In our opinion, this is where the HD 4.50 comes unraveled. We would expect headphones of this price and caliber to be comfortable, but very stiff padding and very small ear cups left us pulling these headphones off and scratching our cramped ears any time we wore them for more than half an hour. If you have very small ears there is a chance these headphones might feel ok when worn for long periods of time, but the vast majority of people are probably going to experience some uncomfortable hotspot. Here again the TaoTronics offer better performance. Even models like the Mpow Bluetooth Over Ear, which generally sells for less than $40, offer better comfort than the HD 4.50.
The HD 4.50 has fairly simple controls, with a power button, multi-function button, and volume up/down buttons. The multi-function button can both be pressed and slid side to side, allowing for the summoning of virtual assistants, track skipping, and fast forwarding.
All of these functions work well and, after a bit of practice with the multi-function button, feel quite intuitive. However, we did experience a number of false starts, where we thought we'd pressed a button but nothing actually happened. This wasn't so prevalent that it was particularly frustrating, but we did find ourselves having to repress buttons enough that it ended up in our notes.
If you opt to use the wired connection to save battery, the cord actually twists in and locks. This feature is quite nice if you drop the headphones, as it gives a chance for the cord to catch them before they hit the floor. However, it also provides a solid enough connection that an absent-minded fellow could pull a laptop off a desk (we know from experience), so it's up to you whether this is a nice or potentially destructive feature.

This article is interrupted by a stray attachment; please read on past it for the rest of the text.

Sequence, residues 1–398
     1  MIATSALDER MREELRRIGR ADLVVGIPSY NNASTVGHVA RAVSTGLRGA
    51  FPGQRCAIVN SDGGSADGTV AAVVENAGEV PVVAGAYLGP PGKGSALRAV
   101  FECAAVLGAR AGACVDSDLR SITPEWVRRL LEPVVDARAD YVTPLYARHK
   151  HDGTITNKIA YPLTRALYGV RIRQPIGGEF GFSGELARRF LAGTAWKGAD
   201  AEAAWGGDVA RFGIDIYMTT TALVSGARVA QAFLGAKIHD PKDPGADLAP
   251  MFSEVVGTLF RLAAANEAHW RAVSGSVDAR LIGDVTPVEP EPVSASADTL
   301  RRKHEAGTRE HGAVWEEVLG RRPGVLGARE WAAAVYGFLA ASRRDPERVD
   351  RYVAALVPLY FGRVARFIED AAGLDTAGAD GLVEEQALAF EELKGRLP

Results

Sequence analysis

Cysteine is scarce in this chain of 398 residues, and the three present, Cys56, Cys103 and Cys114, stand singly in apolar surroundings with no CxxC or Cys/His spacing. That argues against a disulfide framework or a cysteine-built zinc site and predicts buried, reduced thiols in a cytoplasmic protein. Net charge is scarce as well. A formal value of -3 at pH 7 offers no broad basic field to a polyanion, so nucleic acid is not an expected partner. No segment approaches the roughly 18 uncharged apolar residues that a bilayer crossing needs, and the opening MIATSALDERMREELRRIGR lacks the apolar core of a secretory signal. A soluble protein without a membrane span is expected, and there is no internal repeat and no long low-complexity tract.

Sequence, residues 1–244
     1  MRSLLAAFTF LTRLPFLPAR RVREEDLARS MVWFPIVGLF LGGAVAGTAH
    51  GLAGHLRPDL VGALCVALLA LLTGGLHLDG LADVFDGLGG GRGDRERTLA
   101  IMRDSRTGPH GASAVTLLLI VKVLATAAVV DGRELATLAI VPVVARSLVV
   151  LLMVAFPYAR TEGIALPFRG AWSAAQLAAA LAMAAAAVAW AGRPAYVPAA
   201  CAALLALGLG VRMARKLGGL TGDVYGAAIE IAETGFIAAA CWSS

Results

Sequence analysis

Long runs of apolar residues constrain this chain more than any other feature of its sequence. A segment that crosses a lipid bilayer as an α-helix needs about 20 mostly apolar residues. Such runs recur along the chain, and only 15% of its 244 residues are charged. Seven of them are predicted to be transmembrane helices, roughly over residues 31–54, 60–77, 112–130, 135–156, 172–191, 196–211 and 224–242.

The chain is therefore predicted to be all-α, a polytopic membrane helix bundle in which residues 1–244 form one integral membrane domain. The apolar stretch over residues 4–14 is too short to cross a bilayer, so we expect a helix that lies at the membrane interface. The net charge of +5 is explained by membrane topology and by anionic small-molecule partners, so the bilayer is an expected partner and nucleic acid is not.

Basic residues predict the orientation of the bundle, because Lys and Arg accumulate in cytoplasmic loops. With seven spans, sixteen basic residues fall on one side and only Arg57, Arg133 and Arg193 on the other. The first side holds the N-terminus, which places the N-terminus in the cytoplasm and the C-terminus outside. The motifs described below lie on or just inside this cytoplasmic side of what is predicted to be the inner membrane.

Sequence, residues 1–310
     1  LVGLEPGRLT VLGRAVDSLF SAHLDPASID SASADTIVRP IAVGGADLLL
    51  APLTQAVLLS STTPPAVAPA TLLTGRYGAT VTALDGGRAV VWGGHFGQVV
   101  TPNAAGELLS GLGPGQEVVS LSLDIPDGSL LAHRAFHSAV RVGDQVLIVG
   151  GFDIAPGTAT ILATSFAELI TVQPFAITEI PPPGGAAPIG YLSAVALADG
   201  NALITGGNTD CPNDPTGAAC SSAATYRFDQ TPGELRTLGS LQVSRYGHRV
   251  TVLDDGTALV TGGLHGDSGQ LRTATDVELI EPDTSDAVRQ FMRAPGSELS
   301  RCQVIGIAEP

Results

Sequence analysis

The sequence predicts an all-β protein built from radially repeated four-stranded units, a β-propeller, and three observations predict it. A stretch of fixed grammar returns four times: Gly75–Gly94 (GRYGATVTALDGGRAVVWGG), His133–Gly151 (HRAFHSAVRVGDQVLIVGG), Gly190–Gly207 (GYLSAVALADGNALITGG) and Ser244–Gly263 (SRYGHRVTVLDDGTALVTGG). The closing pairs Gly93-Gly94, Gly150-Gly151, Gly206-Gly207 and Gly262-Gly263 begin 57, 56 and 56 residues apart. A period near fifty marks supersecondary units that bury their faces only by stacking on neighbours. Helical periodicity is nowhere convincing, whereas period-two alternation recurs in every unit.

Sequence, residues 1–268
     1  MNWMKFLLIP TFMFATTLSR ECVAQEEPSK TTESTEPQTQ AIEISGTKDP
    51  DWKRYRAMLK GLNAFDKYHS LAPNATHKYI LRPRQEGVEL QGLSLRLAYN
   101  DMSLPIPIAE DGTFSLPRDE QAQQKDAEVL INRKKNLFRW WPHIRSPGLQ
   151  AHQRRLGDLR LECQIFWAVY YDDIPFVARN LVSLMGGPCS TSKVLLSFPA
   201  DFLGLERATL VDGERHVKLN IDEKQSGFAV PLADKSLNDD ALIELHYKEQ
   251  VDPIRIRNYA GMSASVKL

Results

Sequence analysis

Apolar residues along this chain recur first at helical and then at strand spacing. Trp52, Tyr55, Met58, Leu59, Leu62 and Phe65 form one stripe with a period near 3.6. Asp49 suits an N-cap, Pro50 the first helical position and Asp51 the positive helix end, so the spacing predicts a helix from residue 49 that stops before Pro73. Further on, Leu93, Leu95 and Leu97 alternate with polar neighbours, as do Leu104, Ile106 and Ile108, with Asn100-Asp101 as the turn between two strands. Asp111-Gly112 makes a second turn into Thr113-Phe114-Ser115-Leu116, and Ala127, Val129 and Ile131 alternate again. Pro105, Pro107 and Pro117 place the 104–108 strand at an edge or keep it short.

Here again the HD 4.50 is above average, but not a top performer. At 8.45 ounces the headphones are fairly light. The reported 25-hour battery life is also plenty for even the longest of travel days. What kept these headphones from a top score is the included travel case, which is small and compact, but offers almost no padding. We get it, people like to travel light, and many people that are sacrificing the carry-on space for full-sized headphones over earbuds will likely want to leave the case at home anyway. However, we would like the option of a padded case to protect the investment these headphones represent. That is one area where both Bose and Sony knocked it out of the pack, as their cases offer lots of protection for those times when you know your bag getting squished or tossed around is a real possibility.
The $180 list price of the Sennheiser HD 4.50 seems fair when you consider how good they sound. However, the lack of a comfortable fit makes that price tag feel quite exorbitant. Overall you get a much better value form the $70 TaoTronics TT-BH060.
The Sennheiser HD 4.50is a good pair of headphones in many ways, but an uncomfortable fit and the fact that some comparable models that sell for much less make us reluctant to recommend them to anyone.
— Max Mutter and Steven Tata